Which Joe gave his name to ‘sloppy joes’? We look at five interesting sandwiches and their lexical origins.
- another term for gorse
- ‘The droplets of dew hung from the yellow furze and they glistened like a thousand diamonds.’
- ‘There is something a little sinister about it, amid that green and fecund landscape, with its skirting of pine and silver birch and the furze and bracken above.’
- ‘On our way from school in spring, a favourite pastime was to set fire to clumps of furze that grew in fields along the road.’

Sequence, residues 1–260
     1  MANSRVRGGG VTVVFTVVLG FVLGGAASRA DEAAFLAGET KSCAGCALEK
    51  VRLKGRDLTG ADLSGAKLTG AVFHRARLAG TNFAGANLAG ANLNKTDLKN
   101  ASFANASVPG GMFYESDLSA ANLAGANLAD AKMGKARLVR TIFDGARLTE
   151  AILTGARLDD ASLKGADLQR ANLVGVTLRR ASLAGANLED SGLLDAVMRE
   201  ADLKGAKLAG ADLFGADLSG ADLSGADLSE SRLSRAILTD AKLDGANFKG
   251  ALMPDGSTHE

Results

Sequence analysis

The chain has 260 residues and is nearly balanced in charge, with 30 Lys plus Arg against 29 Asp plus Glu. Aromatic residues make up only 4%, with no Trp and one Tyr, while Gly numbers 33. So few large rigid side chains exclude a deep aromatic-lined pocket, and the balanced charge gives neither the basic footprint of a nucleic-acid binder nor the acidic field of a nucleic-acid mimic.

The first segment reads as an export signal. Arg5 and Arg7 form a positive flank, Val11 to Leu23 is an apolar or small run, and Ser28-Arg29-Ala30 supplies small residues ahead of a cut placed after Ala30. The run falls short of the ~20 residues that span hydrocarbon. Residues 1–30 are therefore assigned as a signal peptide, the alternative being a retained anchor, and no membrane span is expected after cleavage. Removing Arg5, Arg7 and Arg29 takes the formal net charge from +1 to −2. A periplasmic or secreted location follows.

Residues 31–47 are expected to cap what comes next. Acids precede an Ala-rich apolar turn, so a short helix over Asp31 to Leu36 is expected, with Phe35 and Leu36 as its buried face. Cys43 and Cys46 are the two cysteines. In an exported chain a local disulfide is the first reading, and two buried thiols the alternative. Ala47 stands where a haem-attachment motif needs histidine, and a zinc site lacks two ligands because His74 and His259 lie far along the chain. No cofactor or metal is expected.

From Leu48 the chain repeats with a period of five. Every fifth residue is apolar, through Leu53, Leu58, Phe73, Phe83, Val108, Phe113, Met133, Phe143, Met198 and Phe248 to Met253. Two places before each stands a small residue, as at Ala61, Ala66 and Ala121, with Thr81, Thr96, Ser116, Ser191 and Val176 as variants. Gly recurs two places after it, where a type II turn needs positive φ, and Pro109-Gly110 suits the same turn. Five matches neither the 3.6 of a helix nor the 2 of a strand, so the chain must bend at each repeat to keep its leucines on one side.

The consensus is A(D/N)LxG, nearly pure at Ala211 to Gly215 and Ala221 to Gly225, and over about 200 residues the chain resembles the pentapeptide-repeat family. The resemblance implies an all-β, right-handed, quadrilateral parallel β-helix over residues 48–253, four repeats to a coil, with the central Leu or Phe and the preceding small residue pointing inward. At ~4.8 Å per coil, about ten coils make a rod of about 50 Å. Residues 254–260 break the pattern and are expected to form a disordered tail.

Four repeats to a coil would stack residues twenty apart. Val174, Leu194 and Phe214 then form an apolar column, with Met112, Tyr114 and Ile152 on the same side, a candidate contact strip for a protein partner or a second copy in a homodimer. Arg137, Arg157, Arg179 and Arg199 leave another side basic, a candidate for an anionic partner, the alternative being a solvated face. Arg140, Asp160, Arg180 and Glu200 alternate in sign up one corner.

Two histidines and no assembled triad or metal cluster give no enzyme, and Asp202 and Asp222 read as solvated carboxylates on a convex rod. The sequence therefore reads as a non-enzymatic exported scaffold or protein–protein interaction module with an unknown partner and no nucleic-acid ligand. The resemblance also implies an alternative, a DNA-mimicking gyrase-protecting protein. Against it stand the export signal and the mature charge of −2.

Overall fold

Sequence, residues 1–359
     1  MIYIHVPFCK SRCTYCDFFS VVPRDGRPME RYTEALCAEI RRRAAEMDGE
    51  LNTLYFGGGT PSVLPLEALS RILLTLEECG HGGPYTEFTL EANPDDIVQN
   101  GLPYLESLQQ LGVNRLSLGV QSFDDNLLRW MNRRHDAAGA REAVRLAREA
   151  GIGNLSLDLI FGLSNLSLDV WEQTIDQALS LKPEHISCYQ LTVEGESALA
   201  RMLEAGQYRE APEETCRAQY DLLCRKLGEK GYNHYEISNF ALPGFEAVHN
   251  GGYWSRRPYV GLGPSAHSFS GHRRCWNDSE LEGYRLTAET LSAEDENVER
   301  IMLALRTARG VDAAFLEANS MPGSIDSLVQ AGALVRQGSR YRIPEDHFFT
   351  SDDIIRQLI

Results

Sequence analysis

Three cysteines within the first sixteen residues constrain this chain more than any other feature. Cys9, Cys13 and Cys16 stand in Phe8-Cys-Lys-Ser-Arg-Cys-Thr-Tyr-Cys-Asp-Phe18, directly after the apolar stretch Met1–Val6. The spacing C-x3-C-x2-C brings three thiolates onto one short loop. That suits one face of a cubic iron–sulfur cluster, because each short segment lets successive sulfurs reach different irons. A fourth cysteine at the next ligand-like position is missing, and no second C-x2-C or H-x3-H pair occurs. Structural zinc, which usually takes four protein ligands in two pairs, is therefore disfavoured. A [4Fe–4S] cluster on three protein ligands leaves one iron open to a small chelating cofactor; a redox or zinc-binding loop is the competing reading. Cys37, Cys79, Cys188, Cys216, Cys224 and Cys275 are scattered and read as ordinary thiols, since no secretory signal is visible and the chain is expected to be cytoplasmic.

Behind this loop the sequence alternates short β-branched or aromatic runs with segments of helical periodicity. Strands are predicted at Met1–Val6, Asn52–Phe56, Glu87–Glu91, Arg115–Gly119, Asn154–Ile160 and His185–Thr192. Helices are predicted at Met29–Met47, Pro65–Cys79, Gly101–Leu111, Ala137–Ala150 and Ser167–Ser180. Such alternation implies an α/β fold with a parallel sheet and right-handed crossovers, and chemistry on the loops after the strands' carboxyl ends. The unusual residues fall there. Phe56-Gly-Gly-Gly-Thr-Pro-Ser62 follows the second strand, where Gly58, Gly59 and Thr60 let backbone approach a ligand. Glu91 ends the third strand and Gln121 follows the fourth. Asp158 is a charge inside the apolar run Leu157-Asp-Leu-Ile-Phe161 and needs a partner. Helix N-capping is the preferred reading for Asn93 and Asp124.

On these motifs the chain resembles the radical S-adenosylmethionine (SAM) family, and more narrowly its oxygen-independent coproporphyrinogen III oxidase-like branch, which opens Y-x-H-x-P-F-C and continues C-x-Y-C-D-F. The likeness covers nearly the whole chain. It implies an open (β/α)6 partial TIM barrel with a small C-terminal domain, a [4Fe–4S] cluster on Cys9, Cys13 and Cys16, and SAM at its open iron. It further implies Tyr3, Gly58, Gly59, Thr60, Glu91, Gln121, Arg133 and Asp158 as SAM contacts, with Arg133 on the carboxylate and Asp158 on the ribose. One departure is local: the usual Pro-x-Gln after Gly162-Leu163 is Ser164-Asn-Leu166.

- ‘People pull up in their cars, run behind the furze and dump everything out of sight.’
- ‘With daffodils, those welcome harbingers of Spring, surging through the top soil in local gardens, roses, daisies, furze, etc. in full bloom as the seasons truly merge, the Yuletide spirit was late arriving this year.’
Old English fyrs, of unknown origin.
We take a look at several popular, though confusing, punctuation marks.
From Afghanistan to Zimbabwe, discover surprising and intriguing language facts from around the globe.
The definitions of ‘buddy’ and ‘bro’ in the OED have recently been revised. We explore their history and increase in popularity.